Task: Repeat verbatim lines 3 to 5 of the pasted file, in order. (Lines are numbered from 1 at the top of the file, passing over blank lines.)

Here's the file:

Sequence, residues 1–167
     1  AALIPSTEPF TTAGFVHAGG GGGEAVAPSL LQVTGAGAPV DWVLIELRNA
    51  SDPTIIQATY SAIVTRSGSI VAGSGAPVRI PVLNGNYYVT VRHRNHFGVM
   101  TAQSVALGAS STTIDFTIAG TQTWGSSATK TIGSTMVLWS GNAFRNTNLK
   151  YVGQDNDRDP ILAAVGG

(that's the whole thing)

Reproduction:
    51  SDPTIIQATY SAIVTRSGSI VAGSGAPVRI PVLNGNYYVT VRHRNHFGVM
   101  TAQSVALGAS STTIDFTIAG TQTWGSSATK TIGSTMVLWS GNAFRNTNLK
   151  YVGQDNDRDP ILAAVGG